“PPA is helping thousands of people every day,” Johnson added, including those who need treatments to fight such debilitating chronic diseases as cancer, heart disease, diabetes and asthma.

In Pennsylvania alone, there are millions of cases of chronic diseases, according to the Milken Institute and the Partnership to Fight Chronic Disease.  Nationwide, more than 133 million Americans suffer from at least one chronic disease, which is responsible for seven out of every 10 deaths in the United States, according to the Centers for Disease Control and Prevention.

Many of the most debilitating chronic diseases are closely linked to excess weight – a fact that makes rising rates of childhood obesity particularly alarming. As the number of overweight and obese children has increased, so too has the incidence of some diseases that used to be virtually unknown among children, such as Type 2 diabetes.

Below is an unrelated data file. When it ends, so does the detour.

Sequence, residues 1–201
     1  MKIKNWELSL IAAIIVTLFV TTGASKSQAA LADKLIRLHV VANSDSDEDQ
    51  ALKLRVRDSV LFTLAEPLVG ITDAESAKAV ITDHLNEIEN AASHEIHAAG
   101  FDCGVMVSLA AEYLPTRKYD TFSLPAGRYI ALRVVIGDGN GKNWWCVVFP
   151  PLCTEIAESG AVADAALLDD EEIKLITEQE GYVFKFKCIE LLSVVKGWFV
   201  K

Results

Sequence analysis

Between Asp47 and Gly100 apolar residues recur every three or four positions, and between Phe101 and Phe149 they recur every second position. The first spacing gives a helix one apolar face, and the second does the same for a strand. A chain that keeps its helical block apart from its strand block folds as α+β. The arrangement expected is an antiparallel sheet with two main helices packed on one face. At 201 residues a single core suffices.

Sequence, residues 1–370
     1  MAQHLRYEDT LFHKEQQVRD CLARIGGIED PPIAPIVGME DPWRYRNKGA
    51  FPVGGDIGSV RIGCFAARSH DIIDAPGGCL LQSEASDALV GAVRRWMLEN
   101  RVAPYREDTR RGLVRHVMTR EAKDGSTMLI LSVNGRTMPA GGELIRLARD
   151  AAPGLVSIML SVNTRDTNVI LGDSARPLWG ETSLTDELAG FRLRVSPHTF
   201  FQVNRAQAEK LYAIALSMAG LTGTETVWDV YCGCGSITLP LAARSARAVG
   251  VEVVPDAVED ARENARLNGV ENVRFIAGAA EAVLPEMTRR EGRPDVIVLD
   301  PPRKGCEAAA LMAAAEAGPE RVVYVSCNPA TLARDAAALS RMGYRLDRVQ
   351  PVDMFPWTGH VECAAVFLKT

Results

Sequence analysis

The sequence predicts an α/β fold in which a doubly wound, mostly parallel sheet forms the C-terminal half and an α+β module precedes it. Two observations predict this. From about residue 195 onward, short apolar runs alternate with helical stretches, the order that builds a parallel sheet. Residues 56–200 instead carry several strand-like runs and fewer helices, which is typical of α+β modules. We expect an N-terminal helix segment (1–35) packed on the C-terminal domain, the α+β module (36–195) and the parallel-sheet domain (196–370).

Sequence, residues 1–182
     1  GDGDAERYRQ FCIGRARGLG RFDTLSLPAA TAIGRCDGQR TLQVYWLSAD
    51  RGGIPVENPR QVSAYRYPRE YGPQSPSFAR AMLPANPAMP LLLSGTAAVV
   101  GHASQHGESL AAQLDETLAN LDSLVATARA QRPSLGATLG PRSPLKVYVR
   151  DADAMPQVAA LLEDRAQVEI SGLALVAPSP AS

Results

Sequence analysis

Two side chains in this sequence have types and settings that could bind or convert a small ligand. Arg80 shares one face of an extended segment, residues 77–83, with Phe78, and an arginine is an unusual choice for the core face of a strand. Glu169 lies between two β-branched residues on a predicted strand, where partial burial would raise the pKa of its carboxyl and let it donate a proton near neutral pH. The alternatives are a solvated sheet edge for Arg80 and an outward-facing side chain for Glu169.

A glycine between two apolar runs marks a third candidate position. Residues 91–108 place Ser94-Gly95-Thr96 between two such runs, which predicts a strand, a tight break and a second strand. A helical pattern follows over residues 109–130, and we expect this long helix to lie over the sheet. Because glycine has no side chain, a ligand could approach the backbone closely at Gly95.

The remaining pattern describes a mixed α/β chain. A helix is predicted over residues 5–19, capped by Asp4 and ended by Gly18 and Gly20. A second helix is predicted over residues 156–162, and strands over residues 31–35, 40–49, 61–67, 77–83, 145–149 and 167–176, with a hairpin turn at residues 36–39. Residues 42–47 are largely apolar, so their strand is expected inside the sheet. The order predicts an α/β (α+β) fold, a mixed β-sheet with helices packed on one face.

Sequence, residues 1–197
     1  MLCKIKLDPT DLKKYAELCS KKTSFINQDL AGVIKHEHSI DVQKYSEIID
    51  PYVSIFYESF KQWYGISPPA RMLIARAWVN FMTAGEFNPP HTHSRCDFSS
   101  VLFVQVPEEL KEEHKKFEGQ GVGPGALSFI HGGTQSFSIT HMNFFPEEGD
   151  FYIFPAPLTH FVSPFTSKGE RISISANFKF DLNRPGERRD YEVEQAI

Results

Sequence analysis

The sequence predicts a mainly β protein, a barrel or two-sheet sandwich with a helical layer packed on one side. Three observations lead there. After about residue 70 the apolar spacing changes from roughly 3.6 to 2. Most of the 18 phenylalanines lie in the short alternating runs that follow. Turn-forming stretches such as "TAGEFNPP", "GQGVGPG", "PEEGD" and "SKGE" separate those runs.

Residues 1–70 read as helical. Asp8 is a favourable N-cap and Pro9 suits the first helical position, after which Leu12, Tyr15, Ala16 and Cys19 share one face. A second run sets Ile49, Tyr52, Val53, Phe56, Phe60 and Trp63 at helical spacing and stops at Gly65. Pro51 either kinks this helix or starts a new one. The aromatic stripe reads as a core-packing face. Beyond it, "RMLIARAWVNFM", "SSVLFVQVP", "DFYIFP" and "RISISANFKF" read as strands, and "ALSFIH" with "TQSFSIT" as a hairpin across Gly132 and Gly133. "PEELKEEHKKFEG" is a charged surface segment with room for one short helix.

In Pennsylvania, more than 28% of high school students are overweight, including 16% who are obese. Well over half of Pennsylvania high school students fail to meet recommended levels of physical activity. Obesity is a problem even among young children, especially children from low-income homes. More than 14% of low-income Pennsylvania children ages 2-5 are obese.

“With the number of people affected by chronic disease increasing every year, and economists predicting that unemployment will continue to grow well into 2009, the PPA and its message of hope are now more relevant than ever,” PhRMA President and CEO Billy Tauzin said. “No one – and I mean no one – is helped by a medicine that sits on the shelf and is out of reach financially. In Pennsylvania, we will continue to help folks all over the state for as long as our assistance is needed.”